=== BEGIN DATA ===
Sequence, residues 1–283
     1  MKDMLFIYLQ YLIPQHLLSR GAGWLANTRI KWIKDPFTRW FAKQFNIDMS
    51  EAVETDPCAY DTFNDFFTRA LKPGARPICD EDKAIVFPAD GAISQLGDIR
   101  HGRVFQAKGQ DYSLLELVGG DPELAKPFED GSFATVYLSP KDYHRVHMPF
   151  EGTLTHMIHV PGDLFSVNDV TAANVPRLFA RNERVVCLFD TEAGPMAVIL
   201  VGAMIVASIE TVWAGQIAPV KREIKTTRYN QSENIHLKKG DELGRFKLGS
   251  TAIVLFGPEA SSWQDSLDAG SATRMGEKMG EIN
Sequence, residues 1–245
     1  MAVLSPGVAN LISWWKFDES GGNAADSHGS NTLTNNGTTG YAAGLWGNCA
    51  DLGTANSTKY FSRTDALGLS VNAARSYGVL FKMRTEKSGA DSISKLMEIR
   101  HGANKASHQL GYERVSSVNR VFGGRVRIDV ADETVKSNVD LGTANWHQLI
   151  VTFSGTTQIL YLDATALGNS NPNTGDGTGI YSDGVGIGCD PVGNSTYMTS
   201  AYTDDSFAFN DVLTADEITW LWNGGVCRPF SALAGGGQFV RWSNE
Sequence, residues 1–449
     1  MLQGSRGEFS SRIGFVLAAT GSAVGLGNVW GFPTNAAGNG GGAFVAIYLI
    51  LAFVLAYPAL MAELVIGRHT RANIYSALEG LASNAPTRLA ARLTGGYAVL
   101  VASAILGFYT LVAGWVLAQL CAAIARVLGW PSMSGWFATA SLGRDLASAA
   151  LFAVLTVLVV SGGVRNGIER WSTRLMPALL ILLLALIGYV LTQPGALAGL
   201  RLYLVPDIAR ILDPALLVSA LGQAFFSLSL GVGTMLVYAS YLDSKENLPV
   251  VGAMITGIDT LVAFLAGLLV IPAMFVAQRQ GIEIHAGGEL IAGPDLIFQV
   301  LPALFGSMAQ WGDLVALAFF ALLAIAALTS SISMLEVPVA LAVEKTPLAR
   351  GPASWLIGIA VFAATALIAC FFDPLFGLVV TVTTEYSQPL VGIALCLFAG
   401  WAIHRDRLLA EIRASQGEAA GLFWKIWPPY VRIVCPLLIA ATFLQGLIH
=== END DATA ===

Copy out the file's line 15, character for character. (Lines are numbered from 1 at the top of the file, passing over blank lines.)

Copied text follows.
     1  MLQGSRGEFS SRIGFVLAAT GSAVGLGNVW GFPTNAAGNG GGAFVAIYLI